loudness/fourier analysis/grain synthesis (BIGGERSTAFF THAD LEWIS )

Subject: loudness/fourier analysis/grain synthesis
Date:    Wed, 14 Dec 1994 20:46:20 -0600

First of all, I apologize for the delay on replying to those above. I've posted this to the overall list as well, thinking it might be of others interest... The original post was concerned with the question of measuring loudness perception. The "he" in my last post (that is, the author of the article I made reference to) is Barry Truax. Two articles have appeared recently in Computer Music Journal (Volume 18:2, and 18:3) which discuss among other things his involvement in granular synthesis composition, and how this work has contributed towards his understanding of loudness, pitch, timbre: sound in general. I quote the abstract of the 18:2 article: "The psychoacoustic implications of the technique [granular synthesis], such as the magnification of instantaneous resonances and the perception of increased volume, are discussed, as is compositional experience that links the inner complexity of the sound to the complexity of the external world." Volume 18:3's article consists of an interview with Truax, where, again among other things, he goes into more detail on his views of Fourier analysis and its limitations... Another article of great interest in this regard is again authored by Truax. It appears in Interface Journal (Vol. 21, 1992, pp. 29-42). It's title is "Musical Creativity and Complexity at the Threshold of the 21st Century". Again, I quote from the abstract: "The author describes a paradigm shift in which current models of sound and music are replaced by models of complexity. In terms of sound, the shift moves away from linear (e.g. Fourier) models in acoustics and parameter response models in psychoacoustics towards multi-dimensional concepts of timbre, volume, and temporal dynamic shape. In terms of composition, the shift is away from its literate and detereministic aspects, as well as the notion of art as abstract and context free. The result is a concept of music where sound and structure are integrated as well as music and context. Examples are drawn from the composer's work with granular synthesis and enviromental sound composition." This article goes into great depth concerning the limitations of "current" frameworks for assessing sound... As a particular example from this article: "It is interesting to speculate why one model, the timeless Fourier-based fixed waveform oscillator, achieved its dominant role, despite its obvious aural deficiencies, while another that corresponds more closely to the auditory system languished on the sidelines. In 1947 the British physicists Dennis Gabor proposed an 'acoustical quantum' as the fundamental unit of sound that incorporates both frequency and time because "it is our most elementary experience that sound has a time pattern as well as a frequency pattern." ...In other words, the quantum is the shortest duration of sound that will activate the auditory system. It is an event, not merely a fixed stimulus...." If any one has any comments concerning this, please forward them. The CMJ articles were my first introduction to much that is discussed in them, and I would welcome any further information/experience on this topic/approach... I am also wondering if there are any graduate progarms doing research in this or a related field, using a similar approach to Truax's... Hope this is informative, and again I welcome further enquiries/suggestions... -Thad Biggerstaff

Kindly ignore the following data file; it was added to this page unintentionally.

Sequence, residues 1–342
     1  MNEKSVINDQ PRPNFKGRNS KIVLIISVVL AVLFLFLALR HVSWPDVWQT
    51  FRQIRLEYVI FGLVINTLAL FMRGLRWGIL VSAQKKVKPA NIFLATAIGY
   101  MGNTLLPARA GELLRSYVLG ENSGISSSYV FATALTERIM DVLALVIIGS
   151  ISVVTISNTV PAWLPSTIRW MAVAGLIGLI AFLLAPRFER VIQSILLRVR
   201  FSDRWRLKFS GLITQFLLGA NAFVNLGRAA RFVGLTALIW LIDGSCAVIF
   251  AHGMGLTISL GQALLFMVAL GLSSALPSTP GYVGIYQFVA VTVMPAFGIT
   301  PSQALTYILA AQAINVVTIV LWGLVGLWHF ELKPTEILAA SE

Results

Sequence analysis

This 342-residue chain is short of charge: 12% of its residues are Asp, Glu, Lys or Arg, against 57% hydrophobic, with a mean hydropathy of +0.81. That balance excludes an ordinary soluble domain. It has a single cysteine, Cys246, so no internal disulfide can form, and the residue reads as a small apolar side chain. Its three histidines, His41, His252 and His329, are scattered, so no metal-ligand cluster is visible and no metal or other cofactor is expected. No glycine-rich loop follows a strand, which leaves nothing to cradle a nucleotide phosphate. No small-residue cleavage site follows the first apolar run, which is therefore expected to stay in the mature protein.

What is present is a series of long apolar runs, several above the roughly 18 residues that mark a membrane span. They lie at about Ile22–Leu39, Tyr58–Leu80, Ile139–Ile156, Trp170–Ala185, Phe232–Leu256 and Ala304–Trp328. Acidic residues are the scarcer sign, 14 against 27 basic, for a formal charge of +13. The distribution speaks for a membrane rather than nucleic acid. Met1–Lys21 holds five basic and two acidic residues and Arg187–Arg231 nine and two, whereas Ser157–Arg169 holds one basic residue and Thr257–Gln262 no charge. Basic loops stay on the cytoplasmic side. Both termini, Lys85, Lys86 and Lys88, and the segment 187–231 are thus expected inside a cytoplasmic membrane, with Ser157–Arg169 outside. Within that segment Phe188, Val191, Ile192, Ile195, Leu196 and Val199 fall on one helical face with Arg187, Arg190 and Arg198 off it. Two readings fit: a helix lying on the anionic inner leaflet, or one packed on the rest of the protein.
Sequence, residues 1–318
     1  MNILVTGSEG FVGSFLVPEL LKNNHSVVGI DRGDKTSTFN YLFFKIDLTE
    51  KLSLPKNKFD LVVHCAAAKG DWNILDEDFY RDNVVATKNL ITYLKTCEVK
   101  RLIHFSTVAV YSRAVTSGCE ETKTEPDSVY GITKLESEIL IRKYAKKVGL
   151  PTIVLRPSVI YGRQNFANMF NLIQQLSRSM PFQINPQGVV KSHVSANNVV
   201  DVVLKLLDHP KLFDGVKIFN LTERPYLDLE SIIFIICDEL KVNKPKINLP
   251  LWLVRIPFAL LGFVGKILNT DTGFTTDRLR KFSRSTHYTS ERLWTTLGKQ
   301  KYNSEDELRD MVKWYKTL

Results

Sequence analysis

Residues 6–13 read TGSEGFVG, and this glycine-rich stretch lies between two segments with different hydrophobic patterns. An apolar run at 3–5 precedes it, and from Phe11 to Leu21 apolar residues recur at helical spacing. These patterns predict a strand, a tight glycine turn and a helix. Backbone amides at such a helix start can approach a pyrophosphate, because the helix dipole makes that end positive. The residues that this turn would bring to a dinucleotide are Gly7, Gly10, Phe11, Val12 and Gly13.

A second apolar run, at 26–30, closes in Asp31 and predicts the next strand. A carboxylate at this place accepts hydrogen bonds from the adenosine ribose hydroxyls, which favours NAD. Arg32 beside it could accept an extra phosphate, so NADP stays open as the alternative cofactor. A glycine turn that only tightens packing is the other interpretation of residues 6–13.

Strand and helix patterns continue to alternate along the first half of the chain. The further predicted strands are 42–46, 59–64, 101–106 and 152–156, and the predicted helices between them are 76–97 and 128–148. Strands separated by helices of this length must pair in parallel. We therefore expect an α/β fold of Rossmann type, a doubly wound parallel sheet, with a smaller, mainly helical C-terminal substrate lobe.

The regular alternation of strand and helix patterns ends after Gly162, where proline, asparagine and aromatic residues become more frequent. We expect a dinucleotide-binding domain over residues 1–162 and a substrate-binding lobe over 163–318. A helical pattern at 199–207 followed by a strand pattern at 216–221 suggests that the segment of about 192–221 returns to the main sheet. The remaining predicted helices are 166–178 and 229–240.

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DAn Ellis <dpwe@ee.columbia.edu>
Electrical Engineering Dept., Columbia University